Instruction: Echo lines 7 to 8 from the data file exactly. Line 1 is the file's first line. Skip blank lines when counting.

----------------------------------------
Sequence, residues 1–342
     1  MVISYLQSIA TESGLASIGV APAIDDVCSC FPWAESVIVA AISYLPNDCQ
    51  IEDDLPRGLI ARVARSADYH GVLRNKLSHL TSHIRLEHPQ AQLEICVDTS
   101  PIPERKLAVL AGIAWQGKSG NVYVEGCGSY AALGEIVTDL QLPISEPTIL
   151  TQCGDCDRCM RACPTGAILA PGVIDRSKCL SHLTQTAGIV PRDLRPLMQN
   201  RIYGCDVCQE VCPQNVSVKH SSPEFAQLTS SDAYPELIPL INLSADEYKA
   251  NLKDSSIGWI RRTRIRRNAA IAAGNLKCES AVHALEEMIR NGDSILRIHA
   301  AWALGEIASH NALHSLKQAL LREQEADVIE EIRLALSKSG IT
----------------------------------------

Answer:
   251  NLKDSSIGWI RRTRIRRNAA IAAGNLKCES AVHALEEMIR NGDSILRIHA
   301  AWALGEIASH NALHSLKQAL LREQEADVIE EIRLALSKSG IT